Pediatric IgA Nephropathy Clinical Presentation
- Author: Mohammad Ilyas, MD, FAAP; Chief Editor: Craig B Langman, MD more...
Immunoglobulin A (IgA) nephropathy (IgAN) is characterized by recurrent episodes of macroscopic hematuria accompanied by upper respiratory tract infections or persistent asymptomatic microscopic hematuria with or without proteinuria. IgA nephropathy is frequently classified as primary (idiopathic) or secondary (associated with some other known condition).
Primary IgA nephropathy
Although the clinical presentation of IgA nephropathy varies from asymptomatic urinary abnormalities to acute renal failure, 5 different clinical syndromes are generally recognized.
The most common presentation (approximately 60-80%) of IgA nephropathy is asymptomatic microscopic urinary abnormalities with one or more episodes of intermittent gross hematuria. The recurrent macroscopic hematuria often associated with upper respiratory infection (viral pharyngitis) is traditionally regarded as the hallmark of childhood IgA nephropathy, compared with poststreptococcal glomerulonephritis (PSGN), in which hematuria usually occurs 1-2 weeks after infection. The hematuria is usually painless, but loin pain has been reported. Blood pressure may be within the reference range or elevated. Renal clearance function is within the reference range or reduced.
The second most common presentation (approximately 26%) is asymptomatic microscopic hematuria with or without mild proteinuria, hypertension, or reduced renal clearance function.
Acute nephritic presentation (approximately 12%) with heavy proteinuria, normal or low clearance function, and normal or high blood pressure is the third most common presentation.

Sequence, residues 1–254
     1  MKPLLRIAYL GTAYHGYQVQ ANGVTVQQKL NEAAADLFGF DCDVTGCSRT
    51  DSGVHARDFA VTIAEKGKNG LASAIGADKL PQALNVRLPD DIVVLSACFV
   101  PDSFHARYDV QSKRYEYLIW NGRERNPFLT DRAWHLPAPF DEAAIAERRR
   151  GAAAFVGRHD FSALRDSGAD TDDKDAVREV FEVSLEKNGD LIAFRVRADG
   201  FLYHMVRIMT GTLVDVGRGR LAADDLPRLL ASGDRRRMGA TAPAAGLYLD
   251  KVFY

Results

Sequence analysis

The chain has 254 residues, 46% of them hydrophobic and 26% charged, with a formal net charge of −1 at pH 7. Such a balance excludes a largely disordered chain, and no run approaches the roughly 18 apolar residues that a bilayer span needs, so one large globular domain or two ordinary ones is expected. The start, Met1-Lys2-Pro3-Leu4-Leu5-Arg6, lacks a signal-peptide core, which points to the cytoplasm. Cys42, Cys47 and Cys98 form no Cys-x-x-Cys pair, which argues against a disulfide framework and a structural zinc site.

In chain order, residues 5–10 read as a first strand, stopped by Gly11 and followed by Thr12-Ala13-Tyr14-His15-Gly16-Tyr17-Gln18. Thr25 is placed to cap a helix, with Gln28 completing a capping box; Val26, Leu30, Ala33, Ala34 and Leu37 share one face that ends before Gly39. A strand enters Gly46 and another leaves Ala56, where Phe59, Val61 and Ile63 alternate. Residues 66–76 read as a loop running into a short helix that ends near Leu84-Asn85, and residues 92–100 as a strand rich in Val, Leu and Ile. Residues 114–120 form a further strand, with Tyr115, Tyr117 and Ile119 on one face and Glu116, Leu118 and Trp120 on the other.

Nephrotic syndrome may be the initial presentation in as many as 10% of patients.
Rarely, IgA nephrology may present as an acute crescentic glomerulonephritis with oliguria, edema, and hypertension.
Secondary IgA nephropathy
When renal mesangial IgA deposition occurs because of another specific clinical condition (secondary IgA nephrology), the history of that disease or signs and symptoms related to the primary condition may be present.
In the early stages of primary IgA nephropathy, no physical signs may be observed. However, early diagnosis might be suggested by a urinalysis that reveals microscopic hematuria with or without proteinuria.
Hypertension is infrequent, is mild to moderate, and is usually a late presentation of disease.
Edema due to nephrosis is reported in approximately 10% of patients.
If renal function is compromised at presentation, the patients may have signs of uremic syndrome, anemia, pallor, and lethargy.
If IgA nephrology is secondary to underlying disease, such Henoch-Schönlein purpura (HSP) or systemic lupus erythematosus (SLE), the signs and symptoms of that specific primary disease may be apparent.
The cause of primary IgA nephropathy is unknown. The conditions producing secondary mesangial IgA deposition include the following:
Chronic ulcerative colitis
Monoclonal IgA gammopathy
Systemic lupus erythematosus
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